Slightly overwhelmed by the rabid RSVPing which followed the invites being sent out, we’d been forced to emergency-order more booze, so the signs were good, and we weren’t disappointed. A jolly crowd, many sporting an assortment of slightly troubling Movembers, mingled, caught up with old friends and suffered through the obligatory speeches.

Bloomsbury author Richard Moore and his agent

Bloomsbury author Richard Moore and his agent enjoying the party

British cyclist and Team Manager of the newly-formed Madison Genesis team, Roger Hammond enjoys a bevvy with some cycling chums

British cyclist and Team Manager of the newly-formed Madison Genesis team, Roger Hammond enjoys a bevvy with some cycling chums

Journo Rob Penn and Jasper Sutcliffe, Senior Buyer at Foyles, brought together through the love of all-things bike

Journo Rob Penn and Jasper Sutcliffe, Senior Buyer at Foyles, brought together through the love of all-things bike

As a Bloomsbury someone who shall remain nameless whispered to me half way through – ‘one of the best launch parties we’ve had’ – a resounding success full of strange but enjoyable conversations (sample facts unearthed: 1. Never fall asleep in a 166844field in the Cotswolds on a cycling trip – you will wake to find red kites circling above, assuming you are dead 2. The roof of Number 50 was the perfect place to do a tab of acid in the 60s), which was only broken up by the rather flashback end-of-school-disco switching on and off of lights to encourage the last few stragglers to stick on their helmets, rev up their Bromptons, and weave their merry way home…

Musings by Charlotte Croft, Head of Team Sport at Bloomsbury

Coppi: Inside the Legend of Il Campionissimo

Fausto Coppi remains the most iconic cyclist in the history of the sport. For twenty years either side of the war his extravagant talent, combined with a unique charisma and human frailty, captivated fans across Europe. Moreover, he revolutionised the sport of bike racing itself, laying the foundations for the generations who would follow.

Coppi was Il Campionissimo; his greatness so unequivocal that his celebrity transcended mere sport. As such, both his professional and private lives were endlessly pawed over by his country’s insatiable post-war media. In deserting his wife and daughter for a divorcée in 1954, he traumatised Catholic Italy. Thereafter his life became a soap opera from which he was unable to escape until his dramatic death in 1960.

Herbie Sykes’s new book Coppi is a beautiful and unique depiction of this legendary cyclist, built around an extraordinary collection of hand-picked, rarely seen images and testimonies from those who knew him intimately. These images, some genuine masterpieces, were unearthed through hours of painstaking research. Allied to the personal truths of those closest to him, they reveal the man behind the Fausto Coppi myth.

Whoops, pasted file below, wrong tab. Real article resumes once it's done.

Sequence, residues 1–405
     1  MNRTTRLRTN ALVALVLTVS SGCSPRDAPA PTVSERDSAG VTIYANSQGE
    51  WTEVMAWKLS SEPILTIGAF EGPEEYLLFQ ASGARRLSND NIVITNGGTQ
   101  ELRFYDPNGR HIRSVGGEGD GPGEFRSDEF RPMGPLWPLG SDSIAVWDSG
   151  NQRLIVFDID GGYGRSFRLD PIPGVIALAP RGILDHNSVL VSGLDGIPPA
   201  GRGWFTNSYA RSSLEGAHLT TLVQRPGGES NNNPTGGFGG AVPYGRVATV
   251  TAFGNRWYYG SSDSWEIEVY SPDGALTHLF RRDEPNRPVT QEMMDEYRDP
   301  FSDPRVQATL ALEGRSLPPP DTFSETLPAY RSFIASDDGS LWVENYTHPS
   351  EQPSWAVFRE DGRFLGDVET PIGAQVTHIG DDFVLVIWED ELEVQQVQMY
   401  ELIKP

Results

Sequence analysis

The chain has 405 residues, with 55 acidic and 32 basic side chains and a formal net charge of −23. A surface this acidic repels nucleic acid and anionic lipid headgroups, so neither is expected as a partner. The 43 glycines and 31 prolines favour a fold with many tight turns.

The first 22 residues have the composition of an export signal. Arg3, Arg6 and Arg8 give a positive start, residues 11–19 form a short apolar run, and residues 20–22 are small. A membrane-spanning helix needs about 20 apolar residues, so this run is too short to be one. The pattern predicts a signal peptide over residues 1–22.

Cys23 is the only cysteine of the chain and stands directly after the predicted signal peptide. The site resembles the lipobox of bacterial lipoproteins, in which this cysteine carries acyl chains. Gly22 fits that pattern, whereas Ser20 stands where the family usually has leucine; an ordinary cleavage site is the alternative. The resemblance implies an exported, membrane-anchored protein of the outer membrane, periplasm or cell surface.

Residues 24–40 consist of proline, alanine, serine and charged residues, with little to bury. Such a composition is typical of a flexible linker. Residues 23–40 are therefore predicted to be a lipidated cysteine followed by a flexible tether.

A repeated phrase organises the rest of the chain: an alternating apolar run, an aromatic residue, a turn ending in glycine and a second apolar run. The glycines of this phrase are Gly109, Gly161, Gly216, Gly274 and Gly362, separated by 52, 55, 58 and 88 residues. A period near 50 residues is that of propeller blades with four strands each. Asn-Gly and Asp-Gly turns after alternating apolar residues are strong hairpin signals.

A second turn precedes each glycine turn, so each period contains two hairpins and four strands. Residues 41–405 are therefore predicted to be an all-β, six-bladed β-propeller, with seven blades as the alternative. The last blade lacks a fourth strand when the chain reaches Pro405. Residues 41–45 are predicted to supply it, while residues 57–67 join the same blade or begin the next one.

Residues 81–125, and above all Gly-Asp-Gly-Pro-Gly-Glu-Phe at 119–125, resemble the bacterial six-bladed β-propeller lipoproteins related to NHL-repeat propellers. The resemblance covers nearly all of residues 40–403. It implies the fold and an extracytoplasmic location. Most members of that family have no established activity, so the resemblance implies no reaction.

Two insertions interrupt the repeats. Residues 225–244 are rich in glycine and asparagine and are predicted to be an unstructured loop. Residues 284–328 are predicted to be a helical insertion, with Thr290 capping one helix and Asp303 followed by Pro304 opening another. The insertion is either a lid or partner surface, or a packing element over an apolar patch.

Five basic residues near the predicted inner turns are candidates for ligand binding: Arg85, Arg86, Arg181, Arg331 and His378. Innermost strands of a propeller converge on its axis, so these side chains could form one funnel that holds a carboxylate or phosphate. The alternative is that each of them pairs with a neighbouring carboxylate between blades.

This book strips away many of the half-truths and downright lies which have been grafted onto his legend over the decades, making it a very different kind of sports biography, and a must-have for all genuine cycling fans.

Read a few sample pages from this fantastic new book

Le Metier Michael Barry retires

Canadian cycling star Michael Barry has announced that he is calling time on his professional cycling career at the end of the season. Having ridden for US Postal, Discovery Channel and Columbia-HTC, Barry will end his successful career at Team Sky and will no doubt be missed by his team mates and everyone on the professional cycling circuit.

Team Sky’s website said:

In a career spanning 14 years, Michael has earned a reputation as one of the hardest working domestiques in the peloton and has captivated many cycling fans through his way with words and an infectious love for the sport

[...]

He was a founding member of Team Sky when he signed at the end of 2009, and over the last three seasons has set an example to the rest of the squad with his positive attitude, unwavering commitment to the cause, and wealth of cycling knowledge.

If you’d like to read about life as a cycling domestique, the third edition of Michael Barry’s book Le Metier: The Seasons of a Professional Cyclist (including photos from the 2012 season) is available to pre-order on Amazon here.

Out November 2012. Pre-order on Amazon

Out November 2012. Pre-order on Amazon

 
Follow

Get every new post delivered to your Inbox.

Join 727 other followers

%d bloggers like this: